Author: Alan Beggs

Rare diseases are not rare — and treatments are coming

Eight percent of Americans name apples as their favorite fruit. About 5 percent of the world population owns a computer and 7 percent are on Facebook. Nine percent own a car. Only 2 percent of adults are natural blondes.

Yet 10 percent of people on this planet have a rare or “orphan” disease. In the U.S., that’s almost 30 million people.

Approximately 7,000 medical conditions have been identified as “rare” – defined by the Orphan Drug Act, passed in 1983, as affecting fewer than 200,000 people in the U.S. Some of these are relatively well known and well studied, such as sickle cell disease or amyotrophic lateral sclerosis (ALS or Lou Gehrig’s disease); each affects roughly 30,000 patients in the U.S. Others – like multiminicore myopathy, Diamond Blackfan Anemia or galactosemia – you’re unlikely to have heard of, because they affect only a few hundred or thousand people.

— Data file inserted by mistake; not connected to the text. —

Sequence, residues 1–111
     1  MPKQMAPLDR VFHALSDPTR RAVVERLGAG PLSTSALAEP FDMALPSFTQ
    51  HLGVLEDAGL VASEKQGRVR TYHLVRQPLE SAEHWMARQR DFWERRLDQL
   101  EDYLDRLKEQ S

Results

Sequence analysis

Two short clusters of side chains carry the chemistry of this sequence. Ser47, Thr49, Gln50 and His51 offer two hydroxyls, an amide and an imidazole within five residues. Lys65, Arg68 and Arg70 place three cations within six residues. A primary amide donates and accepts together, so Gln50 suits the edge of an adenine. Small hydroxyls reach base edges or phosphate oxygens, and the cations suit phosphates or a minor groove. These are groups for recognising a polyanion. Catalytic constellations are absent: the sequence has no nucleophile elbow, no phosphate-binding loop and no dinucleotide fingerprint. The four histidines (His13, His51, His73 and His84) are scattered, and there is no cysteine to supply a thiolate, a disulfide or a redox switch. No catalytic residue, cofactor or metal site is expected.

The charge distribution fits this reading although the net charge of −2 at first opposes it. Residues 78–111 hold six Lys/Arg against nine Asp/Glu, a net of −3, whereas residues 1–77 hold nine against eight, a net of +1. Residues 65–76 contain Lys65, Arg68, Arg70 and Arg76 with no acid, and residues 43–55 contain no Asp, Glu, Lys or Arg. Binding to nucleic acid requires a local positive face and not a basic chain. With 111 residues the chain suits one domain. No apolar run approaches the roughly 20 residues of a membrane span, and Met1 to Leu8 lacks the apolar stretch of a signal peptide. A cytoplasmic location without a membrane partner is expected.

Most of these diseases affect children, often from birth, so at pediatric hospitals, patients suffering from something rare and understudied are actually very common.

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